Kashmiri newspaper Greater Kashmir on Thursday vacated its office in Srinagar, which is a government property, after receiving a notice for “illegal occupation” and pending rent, Newslaundry reported.

The office, located in Srinagar’s Mushtaq Press Enclave, was allotted to the newspaper for a year in 2001.

On Wednesday, Greater Kashmir’s Editor-in-chief Fayaz Kaloo received a notice signed by the deputy director of estates, saying that the period for which the office was allotted to the newspaper had expired.

“No further extension order has been issued in your favour till date,” the notice said, according to Newslaundry. “You are occupying the said premises illegally.”

The newspaper was told in the notice that it had to pay outstanding rent amounting to Rs 13,383.

A unidentified member of Greater Kashmir’s management told Newslaundry that the process of the renewal of allotment had been irregular but the newspaper was never served a notice before.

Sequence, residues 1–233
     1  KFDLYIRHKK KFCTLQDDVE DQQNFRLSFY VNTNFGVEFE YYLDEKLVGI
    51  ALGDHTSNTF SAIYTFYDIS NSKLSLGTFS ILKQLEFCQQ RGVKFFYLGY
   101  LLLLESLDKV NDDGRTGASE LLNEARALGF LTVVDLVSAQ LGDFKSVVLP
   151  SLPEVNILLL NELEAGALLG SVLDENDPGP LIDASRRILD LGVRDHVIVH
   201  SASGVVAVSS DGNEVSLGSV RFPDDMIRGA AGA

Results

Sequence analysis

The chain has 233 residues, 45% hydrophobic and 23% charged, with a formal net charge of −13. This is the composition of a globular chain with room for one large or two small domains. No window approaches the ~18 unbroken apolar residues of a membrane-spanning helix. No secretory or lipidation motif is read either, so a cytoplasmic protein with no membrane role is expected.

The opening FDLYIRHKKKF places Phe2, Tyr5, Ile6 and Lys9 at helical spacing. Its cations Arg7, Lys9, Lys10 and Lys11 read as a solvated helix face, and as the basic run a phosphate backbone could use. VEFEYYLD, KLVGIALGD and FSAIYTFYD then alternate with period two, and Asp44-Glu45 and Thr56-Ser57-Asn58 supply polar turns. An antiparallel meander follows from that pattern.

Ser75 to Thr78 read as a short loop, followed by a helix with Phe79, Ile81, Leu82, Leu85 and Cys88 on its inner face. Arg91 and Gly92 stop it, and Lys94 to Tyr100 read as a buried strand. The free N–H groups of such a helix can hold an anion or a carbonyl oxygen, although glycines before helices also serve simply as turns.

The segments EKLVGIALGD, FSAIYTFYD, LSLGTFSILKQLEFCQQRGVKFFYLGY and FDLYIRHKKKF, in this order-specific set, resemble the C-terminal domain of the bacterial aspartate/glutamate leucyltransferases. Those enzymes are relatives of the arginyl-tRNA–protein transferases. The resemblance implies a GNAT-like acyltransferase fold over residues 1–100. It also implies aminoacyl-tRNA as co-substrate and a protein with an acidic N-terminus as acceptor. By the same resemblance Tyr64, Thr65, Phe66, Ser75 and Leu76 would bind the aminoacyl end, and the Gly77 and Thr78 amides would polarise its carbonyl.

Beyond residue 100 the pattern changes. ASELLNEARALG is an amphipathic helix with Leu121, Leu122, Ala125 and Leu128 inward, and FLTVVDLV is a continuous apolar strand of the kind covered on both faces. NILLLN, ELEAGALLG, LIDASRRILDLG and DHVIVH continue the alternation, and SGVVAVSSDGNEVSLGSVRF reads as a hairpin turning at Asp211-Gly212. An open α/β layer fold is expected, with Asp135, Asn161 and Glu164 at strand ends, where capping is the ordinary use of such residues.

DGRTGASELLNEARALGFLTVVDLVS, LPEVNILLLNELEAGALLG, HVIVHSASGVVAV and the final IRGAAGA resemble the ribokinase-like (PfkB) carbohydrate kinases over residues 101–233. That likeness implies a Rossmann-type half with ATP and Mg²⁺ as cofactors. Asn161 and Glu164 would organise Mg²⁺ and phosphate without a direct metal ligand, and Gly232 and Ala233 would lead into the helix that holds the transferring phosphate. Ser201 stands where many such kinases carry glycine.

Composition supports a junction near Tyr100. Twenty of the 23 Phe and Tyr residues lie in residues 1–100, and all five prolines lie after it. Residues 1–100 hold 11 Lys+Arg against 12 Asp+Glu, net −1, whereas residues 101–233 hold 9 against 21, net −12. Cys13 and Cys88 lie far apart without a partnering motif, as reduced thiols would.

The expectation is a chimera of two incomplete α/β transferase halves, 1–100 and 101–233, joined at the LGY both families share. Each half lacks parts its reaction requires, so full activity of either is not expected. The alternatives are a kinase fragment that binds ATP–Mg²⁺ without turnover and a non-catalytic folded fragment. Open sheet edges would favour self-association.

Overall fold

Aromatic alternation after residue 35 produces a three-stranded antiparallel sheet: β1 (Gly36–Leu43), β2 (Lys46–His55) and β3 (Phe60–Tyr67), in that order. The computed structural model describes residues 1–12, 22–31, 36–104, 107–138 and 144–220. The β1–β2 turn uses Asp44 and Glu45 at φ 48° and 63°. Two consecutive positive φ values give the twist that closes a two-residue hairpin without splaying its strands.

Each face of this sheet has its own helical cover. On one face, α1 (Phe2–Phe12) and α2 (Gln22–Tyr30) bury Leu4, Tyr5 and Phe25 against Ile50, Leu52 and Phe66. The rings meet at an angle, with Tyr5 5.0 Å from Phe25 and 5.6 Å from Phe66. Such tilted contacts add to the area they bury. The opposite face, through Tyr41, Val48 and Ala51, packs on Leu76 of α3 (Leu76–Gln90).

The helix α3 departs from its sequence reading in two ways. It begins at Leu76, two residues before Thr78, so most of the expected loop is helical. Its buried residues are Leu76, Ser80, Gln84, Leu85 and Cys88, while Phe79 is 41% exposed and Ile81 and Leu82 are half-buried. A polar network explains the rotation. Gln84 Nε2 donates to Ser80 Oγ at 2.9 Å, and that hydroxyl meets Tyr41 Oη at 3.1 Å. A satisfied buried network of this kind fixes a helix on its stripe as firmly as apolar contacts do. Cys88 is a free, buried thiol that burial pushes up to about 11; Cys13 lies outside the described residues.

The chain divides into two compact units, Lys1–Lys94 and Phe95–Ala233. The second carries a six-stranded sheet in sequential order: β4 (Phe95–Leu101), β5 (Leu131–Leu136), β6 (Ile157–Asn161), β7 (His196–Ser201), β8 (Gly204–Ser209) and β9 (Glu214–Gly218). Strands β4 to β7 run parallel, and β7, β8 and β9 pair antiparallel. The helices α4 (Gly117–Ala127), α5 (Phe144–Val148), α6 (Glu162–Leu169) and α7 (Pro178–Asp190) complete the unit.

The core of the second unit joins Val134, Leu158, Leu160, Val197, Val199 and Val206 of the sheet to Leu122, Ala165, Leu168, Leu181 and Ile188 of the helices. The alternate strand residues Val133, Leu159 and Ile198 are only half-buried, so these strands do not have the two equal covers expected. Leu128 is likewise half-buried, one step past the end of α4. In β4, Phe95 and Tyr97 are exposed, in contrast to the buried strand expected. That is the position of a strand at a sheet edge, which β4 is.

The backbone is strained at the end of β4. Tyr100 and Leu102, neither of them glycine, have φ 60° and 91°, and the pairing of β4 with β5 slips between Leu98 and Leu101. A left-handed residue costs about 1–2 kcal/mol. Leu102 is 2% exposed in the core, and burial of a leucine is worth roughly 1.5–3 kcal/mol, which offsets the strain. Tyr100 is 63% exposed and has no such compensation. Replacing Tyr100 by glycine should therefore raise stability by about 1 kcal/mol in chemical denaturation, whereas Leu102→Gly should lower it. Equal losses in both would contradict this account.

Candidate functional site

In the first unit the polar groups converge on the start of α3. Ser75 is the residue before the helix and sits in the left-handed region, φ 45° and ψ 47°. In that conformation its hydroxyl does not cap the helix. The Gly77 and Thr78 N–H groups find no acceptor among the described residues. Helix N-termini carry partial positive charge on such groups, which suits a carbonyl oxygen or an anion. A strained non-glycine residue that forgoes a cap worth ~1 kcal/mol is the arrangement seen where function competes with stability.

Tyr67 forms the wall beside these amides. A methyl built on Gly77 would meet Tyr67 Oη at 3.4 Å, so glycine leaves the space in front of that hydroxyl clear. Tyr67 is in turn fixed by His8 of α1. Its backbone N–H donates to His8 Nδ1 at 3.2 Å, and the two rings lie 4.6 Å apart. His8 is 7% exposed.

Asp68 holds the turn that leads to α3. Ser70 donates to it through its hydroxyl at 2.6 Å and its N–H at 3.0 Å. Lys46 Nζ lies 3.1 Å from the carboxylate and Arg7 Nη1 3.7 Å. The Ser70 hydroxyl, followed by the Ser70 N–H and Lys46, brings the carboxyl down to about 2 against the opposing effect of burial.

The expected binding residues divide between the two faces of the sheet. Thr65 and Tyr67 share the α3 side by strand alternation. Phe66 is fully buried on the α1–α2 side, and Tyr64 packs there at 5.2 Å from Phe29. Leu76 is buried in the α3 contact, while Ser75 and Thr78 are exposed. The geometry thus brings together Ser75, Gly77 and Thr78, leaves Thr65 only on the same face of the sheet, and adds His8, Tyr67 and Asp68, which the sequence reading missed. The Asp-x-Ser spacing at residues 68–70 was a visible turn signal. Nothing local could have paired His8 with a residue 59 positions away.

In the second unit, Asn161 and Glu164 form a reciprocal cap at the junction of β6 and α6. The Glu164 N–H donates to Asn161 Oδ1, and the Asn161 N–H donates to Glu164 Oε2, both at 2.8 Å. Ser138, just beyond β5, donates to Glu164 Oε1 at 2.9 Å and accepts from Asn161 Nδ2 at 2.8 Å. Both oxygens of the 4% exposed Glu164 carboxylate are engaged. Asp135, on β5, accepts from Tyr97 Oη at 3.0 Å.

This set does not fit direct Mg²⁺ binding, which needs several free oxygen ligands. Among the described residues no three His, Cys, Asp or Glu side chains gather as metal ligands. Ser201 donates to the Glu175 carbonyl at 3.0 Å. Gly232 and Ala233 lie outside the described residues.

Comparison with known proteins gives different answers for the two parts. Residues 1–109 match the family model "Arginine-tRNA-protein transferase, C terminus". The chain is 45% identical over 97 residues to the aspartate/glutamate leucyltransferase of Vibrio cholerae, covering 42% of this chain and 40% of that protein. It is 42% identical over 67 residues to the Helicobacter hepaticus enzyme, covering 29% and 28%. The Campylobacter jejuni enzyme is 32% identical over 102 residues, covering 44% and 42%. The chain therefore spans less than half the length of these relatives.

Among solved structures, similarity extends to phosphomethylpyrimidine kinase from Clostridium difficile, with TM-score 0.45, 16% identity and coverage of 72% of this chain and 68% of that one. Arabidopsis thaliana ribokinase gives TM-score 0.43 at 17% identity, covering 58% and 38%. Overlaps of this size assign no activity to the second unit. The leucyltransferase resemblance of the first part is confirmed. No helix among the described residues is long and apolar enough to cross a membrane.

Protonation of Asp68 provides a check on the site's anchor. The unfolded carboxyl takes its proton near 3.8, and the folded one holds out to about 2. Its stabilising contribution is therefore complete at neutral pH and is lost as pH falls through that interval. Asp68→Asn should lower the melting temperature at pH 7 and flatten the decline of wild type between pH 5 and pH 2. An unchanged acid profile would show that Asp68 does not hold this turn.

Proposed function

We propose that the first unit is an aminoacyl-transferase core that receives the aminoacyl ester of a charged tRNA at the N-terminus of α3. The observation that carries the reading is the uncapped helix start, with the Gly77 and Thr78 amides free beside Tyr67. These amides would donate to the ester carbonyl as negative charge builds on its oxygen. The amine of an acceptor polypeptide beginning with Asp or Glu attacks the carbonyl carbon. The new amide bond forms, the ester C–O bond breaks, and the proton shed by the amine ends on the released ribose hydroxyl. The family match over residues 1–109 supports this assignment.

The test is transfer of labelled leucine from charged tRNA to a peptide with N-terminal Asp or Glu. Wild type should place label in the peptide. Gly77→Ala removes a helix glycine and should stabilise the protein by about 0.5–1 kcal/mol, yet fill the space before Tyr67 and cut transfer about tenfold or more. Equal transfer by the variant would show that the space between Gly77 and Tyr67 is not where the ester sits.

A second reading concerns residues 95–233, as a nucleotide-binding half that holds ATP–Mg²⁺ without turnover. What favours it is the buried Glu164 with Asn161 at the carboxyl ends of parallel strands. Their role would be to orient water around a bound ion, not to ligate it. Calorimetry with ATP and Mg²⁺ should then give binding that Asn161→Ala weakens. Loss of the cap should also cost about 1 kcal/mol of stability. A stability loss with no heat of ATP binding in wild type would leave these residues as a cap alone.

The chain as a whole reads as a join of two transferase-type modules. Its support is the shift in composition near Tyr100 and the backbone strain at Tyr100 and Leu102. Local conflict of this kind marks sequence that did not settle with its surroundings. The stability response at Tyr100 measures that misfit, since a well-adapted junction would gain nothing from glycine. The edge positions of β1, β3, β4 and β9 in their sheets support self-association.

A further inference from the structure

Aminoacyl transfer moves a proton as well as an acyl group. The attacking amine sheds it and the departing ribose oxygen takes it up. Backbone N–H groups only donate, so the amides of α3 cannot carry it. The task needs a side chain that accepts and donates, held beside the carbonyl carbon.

“Renewal is a routine practice but they [governments] don’t do it and things just go on,” the official said. “We don’t know why they have sent this notice [this time].”

Greater Kashmir had time till November 24 to vacate the office but the staff moved furniture and equipment to another place on Thursday itself. “Almost all of the office has been vacated and shifted to Rangreth.” Rashid Makhdoomi, the newspaper’s publisher, told Kashmir Observer.

Greater Kashmir’s sister publication Kashmir Uzma will also operate from Rangreth in Srinagar.

Greater Kashmir is the largest circulating English daily in Kashmir.

In October 2020, the newspaper’s office had been raided by the National Investigation Agency in connection with its inquiry into a terror funding case.

The agency said the case was related to the “so-called NGOs and trusts raising funds in India and abroad in the name of charitable activities and then using those funds for carrying out secessionist and separatist activities in J&K”.

In July 2019, the editor and publisher of the newspaper were summoned to Delhi and questioned by the National Investigation Agency for a week. The investigating agency did not give an official reason for the summons.

Some reports suggested they were questioned for the newspaper’s coverage of the 2016 Kashmir protests, triggered by the killing of Hizbul Mujahideen militant Burhan Wani. Others had suggested the questioning of Kaloo, the newspaper’s editor, was related to a terror funding investigation.